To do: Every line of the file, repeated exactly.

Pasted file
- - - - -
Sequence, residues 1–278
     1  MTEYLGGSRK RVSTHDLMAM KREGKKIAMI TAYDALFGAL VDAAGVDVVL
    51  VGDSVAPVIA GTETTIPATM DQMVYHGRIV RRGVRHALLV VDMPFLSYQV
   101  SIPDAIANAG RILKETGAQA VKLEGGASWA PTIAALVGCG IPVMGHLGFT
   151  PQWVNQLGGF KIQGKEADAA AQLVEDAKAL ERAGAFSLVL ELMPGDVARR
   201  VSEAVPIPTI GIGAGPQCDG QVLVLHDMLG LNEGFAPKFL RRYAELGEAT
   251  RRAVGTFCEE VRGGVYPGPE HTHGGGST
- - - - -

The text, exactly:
Sequence, residues 1–278
     1  MTEYLGGSRK RVSTHDLMAM KREGKKIAMI TAYDALFGAL VDAAGVDVVL
    51  VGDSVAPVIA GTETTIPATM DQMVYHGRIV RRGVRHALLV VDMPFLSYQV
   101  SIPDAIANAG RILKETGAQA VKLEGGASWA PTIAALVGCG IPVMGHLGFT
   151  PQWVNQLGGF KIQGKEADAA AQLVEDAKAL ERAGAFSLVL ELMPGDVARR
   201  VSEAVPIPTI GIGAGPQCDG QVLVLHDMLG LNEGFAPKFL RRYAELGEAT
   251  RRAVGTFCEE VRGGVYPGPE HTHGGGST